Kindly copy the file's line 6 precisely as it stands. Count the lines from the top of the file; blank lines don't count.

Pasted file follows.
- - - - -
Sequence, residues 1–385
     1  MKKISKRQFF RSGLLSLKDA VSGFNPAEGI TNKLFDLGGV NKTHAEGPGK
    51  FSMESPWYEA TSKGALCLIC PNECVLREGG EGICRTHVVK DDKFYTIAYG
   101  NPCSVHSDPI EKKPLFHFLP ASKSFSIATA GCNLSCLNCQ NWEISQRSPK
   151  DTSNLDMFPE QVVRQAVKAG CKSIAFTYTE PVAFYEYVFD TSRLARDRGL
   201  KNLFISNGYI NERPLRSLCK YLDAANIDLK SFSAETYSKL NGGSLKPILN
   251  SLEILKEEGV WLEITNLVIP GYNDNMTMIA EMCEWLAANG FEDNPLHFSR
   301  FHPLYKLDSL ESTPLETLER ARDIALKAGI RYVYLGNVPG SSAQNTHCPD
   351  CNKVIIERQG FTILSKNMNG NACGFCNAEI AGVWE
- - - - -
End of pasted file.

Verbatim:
   201  KNLFISNGYI NERPLRSLCK YLDAANIDLK SFSAETYSKL NGGSLKPILN